• 5 or more substantiated complaints from patients or families
  • Less than 75% attendance at required Medical Staff committees

For further guidance on criteria and triggers for FPPE, see the TJC FAQ Focused Professional Practice Evaluation – Performance Criteria vs Triggers.

Be aware that surveyors often test the validity of your FPPE process by asking how many LIPs were put on “for cause” FPPE in the last year. If you can show such a case, it’s obvious your process is working.

Lastly, remember if you privilege non-physician LIPs (such as APRNs or psychologists) you need to do FPPE and OPPE on those practitioners as well. Surveyors will definitely ask for those files to make sure that’s in place.

Looking for a good resource on FPPE/OPPE? Check out the TJC Standards BoosterPak on FPPE/OPPE. It’s available on your TJC Connect site.

Telemedicine Practitioners

Many organizations run into problems on survey around the credentialing and privileging of telemedicine practitioners. Be aware if you’re using contracted telemedicine practitioners, you’re still responsible for their credentialing and privileging. Essentially, you have three options:

  • Do all the credentialing and privileging of the telemedicine practitioners through your own medical staff OR
  • Use the credentialing information from the telemedicine organization and privilege those practitioners through your own medical staff OR
  • Use the credentialing and privileging decision from the telemedicine organization if they are TJC accredited and the practitioner is already privileged by that organization for the same privileges to be provided at your organization.

The details of these requirements are spelled out in in the Medical Staff chapter of the Hospital manual: MS.13.01.01. This standard is worth a very close reading to be sure you “cross all the t’s and dot all the i’s” when it comes to telemedicine practitioners.

Antimicrobial Stewardship

Many organizations are unaware they need to educate their LIPs on antimicrobial stewardship (AMS.) This requirement became effective in 2017. You can do this through written materials or presentations at medical staff meetings. We’ve seen surveyors score noncompliance when there’s no evidence that LIPs have been educated on AMS. (For more on the AMS requirements, see our recent post TJC Medication Management Tracer: Survey Management Strategies.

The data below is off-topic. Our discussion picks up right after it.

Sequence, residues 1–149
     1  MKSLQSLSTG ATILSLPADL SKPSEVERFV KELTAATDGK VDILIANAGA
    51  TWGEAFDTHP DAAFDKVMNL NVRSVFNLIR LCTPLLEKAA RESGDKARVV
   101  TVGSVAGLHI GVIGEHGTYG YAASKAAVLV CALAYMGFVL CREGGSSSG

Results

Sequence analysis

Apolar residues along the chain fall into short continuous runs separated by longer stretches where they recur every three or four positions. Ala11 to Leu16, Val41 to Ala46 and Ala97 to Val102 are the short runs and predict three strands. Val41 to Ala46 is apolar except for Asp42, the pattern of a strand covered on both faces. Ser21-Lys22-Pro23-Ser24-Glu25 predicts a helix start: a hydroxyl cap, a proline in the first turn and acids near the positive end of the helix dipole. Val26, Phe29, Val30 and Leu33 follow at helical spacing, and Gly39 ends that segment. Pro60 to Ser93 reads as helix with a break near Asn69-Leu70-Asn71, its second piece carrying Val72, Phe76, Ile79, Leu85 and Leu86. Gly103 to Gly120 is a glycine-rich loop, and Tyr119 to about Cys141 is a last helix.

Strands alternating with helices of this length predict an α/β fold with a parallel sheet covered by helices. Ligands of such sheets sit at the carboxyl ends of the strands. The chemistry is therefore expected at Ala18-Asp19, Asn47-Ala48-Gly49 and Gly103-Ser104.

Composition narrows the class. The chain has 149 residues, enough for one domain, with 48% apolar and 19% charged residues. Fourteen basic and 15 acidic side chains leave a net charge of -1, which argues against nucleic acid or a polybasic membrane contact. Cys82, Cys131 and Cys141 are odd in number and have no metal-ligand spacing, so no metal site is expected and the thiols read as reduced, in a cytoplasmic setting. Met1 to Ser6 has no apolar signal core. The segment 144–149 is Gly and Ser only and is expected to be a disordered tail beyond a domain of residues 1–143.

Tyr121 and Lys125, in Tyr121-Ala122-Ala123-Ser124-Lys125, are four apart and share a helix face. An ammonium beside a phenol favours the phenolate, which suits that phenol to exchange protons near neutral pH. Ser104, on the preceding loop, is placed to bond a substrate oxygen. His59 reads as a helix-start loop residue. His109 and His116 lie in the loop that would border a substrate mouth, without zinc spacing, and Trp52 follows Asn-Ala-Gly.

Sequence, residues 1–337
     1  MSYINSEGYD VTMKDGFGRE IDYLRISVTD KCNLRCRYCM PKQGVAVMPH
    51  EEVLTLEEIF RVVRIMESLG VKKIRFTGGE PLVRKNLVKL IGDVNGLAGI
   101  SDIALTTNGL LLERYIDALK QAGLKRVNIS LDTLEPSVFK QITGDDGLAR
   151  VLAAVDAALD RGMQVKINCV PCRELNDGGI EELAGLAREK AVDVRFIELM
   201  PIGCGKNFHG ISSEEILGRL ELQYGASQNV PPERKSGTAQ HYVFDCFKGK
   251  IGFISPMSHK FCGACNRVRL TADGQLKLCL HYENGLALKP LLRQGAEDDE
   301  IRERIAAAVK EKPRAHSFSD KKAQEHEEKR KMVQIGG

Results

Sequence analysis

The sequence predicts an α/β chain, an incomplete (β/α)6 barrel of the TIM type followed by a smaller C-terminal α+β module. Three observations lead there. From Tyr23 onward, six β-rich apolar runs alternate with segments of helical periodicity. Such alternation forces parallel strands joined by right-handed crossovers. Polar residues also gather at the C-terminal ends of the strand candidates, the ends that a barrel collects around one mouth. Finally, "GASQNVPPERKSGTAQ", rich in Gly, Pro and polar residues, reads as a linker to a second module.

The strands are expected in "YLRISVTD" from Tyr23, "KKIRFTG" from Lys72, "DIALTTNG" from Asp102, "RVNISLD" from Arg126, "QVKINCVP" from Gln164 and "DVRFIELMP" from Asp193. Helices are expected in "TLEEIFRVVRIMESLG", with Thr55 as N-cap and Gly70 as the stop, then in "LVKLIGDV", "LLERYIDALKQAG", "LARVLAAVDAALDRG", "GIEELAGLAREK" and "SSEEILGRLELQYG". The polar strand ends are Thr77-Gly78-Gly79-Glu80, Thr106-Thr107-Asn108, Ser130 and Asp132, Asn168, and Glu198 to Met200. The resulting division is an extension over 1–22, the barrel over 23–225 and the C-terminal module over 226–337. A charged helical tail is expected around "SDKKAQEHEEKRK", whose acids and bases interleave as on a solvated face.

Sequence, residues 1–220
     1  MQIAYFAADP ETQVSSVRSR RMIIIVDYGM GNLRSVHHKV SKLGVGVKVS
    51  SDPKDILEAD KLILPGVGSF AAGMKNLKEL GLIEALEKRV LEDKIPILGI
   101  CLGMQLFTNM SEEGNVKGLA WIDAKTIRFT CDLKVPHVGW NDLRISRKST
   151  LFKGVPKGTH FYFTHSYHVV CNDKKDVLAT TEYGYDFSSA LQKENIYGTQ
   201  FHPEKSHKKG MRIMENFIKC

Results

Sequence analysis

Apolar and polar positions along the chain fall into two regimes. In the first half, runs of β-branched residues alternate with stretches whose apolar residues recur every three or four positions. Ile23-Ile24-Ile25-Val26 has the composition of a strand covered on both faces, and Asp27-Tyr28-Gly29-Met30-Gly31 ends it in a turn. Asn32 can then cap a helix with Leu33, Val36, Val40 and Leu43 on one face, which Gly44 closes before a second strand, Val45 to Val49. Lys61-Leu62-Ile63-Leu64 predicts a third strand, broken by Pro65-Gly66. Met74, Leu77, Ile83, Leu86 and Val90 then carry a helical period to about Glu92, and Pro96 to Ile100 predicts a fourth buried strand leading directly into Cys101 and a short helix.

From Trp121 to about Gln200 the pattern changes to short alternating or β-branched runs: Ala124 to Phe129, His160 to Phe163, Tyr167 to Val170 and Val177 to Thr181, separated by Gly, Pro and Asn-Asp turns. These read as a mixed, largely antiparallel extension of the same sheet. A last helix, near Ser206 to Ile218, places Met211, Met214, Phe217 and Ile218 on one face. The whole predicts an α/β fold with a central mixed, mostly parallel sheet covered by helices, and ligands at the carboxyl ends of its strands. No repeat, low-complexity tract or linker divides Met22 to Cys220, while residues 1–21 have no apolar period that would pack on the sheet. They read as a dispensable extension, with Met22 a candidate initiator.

Continuing Medical Education

We sometimes see organizations struggling to keep up the documentation for continuing medical education (CME) for LIPs. Be aware you don’t need to collect copies of trainings attended. You can use an attestation by the LIP stating they’ve attended CME as required for their license. You just need to add the stipulation that the LIP will produce proof of attendance upon request. See the TJC FAQ Continuing Medical Education – Documentation.

Survey Management Take-Aways

The TJC Medical Staff Credentialing & Privileging Session is still an important part of your survey. So, review your Survey Activity Guide get ready to efficiently walk the surveyor through your files.

Be prepared to explain your FPPE/OPPE process and show how you’re implementing it. If you use telemedicine practitioners, make sure you’re getting them credentialed and privileging through one of the TJC approved mechanisms.

When we do our TJC mock surveys, we always include a detailed Medical Staff Credentialing & Privileging Session. Clients tell us that using our checklist to prepare their files helped them navigate this session with less stress and better results. That’s always a welcome outcome!